The picky eater

By Leila Hashemi Source:Global Times Published: 2017/9/26 13:43:39

One thing I love about China is the food-sharing culture. You can go to almost any Chinese restaurant, order a bunch of different dishes with your friends and get a taste of everything. This reminds me of home. My dad is from Iran, and we grew up eating like this. I feel it brings people closer together and is just a more fun environment.

However, sometimes, this fun environment can be spoiled by a picky eater. Last week, a group of us went to a popular all-you-can-eat teppanyaki restaurant in Sanlitun.

One of my friends brought a very picky guest. She didn't want seafood or meat and complained that her food would taste like seafood if it was cooked on the same grill. 

I also experience many picky foreigners who don't even eat Chinese food. Day in and day out I see them order McDonald's, KFC and Burger King. Seeing adults being so picky led me to wonder why, outside of dietary restrictions or convictions, some people are pickier than others.

Apparently, there is scientific support as to why. One reason is conditioned taste aversion. This theory says that we avoid food or drinks that may have caused a negative experience in the past. This is probably why every time I even look at jagermeister my stomach starts to turn!

 Another theory lies in an individual's taste buds. Linda Bartoshuk, a psychologist at Yale, discovered that people who avoided strong tasting foods like alcohol and hot peppers actually have more taste buds than non-choosy people.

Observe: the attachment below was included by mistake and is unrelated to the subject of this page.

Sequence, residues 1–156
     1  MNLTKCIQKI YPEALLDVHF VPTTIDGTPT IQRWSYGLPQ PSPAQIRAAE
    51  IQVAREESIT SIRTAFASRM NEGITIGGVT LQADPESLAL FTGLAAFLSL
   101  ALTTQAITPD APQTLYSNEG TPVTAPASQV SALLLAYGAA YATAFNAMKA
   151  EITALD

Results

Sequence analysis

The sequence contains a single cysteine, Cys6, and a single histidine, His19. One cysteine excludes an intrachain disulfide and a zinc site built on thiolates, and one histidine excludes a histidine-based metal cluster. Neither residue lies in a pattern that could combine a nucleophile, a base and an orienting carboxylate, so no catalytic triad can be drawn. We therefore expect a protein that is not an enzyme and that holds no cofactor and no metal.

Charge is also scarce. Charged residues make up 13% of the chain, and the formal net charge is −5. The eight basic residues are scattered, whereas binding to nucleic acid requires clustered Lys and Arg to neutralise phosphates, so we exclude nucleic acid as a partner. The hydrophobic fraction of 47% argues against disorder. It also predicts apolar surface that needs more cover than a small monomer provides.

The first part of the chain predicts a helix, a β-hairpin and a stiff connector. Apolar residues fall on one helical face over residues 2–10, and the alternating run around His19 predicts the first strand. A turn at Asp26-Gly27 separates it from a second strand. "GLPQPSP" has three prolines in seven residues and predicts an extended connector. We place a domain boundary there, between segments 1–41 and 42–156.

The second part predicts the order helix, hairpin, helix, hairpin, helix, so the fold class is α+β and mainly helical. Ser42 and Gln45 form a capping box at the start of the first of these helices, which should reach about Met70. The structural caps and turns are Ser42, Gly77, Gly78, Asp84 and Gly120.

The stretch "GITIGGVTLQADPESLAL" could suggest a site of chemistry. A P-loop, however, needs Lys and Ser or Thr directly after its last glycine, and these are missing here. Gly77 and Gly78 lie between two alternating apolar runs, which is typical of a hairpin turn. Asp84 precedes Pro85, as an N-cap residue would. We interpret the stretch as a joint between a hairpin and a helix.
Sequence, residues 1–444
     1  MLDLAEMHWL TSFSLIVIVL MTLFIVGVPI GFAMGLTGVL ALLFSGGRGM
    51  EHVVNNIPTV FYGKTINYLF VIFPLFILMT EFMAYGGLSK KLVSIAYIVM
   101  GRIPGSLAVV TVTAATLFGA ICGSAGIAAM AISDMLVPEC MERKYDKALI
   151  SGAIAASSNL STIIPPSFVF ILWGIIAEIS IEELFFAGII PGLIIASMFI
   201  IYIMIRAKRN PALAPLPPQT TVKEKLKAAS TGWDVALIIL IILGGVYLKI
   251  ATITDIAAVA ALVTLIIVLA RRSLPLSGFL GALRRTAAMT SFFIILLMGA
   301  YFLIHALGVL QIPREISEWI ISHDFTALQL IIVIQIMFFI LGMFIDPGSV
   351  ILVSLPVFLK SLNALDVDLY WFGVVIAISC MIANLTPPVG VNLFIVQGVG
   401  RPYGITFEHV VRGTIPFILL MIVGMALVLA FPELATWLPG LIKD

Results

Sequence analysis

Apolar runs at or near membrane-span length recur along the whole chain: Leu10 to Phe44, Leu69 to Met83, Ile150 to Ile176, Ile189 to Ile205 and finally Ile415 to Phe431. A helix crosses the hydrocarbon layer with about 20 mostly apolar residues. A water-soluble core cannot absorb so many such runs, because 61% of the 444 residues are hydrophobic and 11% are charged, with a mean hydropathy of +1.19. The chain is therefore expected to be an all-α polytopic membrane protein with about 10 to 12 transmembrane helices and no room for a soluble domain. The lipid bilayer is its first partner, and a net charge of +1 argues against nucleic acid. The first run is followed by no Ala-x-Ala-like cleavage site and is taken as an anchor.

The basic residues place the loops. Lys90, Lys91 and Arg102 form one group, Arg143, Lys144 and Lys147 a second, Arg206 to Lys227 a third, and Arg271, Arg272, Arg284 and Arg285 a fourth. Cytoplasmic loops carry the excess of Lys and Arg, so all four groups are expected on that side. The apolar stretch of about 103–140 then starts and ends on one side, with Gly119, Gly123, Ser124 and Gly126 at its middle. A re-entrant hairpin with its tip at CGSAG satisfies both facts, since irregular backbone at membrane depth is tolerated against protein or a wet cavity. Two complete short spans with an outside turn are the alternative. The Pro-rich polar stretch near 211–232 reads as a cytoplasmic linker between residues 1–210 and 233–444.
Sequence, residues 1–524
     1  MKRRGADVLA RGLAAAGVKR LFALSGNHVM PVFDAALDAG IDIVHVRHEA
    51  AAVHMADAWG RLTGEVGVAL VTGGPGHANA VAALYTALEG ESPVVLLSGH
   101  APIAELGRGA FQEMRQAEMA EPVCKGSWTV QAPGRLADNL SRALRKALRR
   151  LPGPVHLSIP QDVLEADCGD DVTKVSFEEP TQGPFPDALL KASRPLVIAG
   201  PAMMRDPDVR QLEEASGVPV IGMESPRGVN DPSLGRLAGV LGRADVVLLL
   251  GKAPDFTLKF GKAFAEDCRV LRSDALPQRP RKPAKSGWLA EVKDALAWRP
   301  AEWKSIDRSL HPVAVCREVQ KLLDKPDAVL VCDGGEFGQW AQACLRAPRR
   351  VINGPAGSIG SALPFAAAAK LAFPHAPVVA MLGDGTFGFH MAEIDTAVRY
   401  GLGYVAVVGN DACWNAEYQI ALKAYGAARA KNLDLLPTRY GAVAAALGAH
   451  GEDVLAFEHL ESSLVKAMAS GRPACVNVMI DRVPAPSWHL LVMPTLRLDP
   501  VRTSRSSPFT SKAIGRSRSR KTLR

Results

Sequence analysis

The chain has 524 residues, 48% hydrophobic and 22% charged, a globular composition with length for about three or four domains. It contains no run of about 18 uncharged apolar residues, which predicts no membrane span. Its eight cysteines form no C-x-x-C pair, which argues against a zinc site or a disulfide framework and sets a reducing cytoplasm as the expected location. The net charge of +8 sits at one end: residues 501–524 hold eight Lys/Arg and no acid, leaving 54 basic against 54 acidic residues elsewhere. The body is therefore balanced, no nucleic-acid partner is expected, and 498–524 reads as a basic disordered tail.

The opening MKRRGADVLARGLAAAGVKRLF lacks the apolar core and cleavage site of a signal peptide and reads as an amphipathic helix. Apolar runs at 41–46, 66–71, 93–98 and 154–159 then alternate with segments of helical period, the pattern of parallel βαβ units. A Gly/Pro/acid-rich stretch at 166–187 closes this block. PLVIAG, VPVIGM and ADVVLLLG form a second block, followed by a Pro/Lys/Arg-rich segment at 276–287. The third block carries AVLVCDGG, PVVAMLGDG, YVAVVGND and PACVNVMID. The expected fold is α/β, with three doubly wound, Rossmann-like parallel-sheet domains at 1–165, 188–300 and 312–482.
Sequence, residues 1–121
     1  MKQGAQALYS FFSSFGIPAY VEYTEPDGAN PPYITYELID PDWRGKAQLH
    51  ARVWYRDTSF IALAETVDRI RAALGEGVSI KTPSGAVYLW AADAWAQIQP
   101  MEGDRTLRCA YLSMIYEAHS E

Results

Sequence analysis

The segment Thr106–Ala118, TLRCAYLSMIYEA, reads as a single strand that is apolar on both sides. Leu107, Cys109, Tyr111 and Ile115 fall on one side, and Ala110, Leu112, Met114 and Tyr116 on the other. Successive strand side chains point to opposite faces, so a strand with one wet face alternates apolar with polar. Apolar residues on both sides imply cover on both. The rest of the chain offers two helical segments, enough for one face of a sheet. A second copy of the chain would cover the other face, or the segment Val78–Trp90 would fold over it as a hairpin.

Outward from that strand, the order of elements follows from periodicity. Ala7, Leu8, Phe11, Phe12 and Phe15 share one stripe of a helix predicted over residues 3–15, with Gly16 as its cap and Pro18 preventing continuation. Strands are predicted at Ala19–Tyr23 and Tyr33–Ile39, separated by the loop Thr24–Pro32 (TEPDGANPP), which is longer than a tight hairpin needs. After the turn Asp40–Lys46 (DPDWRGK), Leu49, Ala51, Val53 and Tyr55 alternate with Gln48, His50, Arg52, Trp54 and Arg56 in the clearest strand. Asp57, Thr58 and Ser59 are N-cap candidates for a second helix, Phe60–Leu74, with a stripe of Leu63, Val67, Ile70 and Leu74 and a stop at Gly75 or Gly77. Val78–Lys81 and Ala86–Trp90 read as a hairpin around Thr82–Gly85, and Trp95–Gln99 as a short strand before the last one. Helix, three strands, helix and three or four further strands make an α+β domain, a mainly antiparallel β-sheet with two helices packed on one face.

In an article by, a site designed to explain past and present scientific discoveries, adults who are picky eaters are now being recognized as having a disorder. The "selective eating disorder" isn't classifying people who just have a few foods they don't like; instead, it describes a person whose eating habits cause them to have problems in their daily life, such as being a role model for their kids or when in social situations.

Taste buds change over time, and you have to be willing to try new foods. Up until I was 25, you wouldn't catch me even looking at a tomato, green pepper or onion. Now, I can't get enough. So, try something new, experience tastes from different regions and know that there is a chance something you hated before could be your new favorite food.

This article was published on the Global Times Metropolitan section Two Cents page, a space for reader submissions, including opinion, humor and satire. The ideas expressed are those of the author alone, and do not represent the position of the Global Times.


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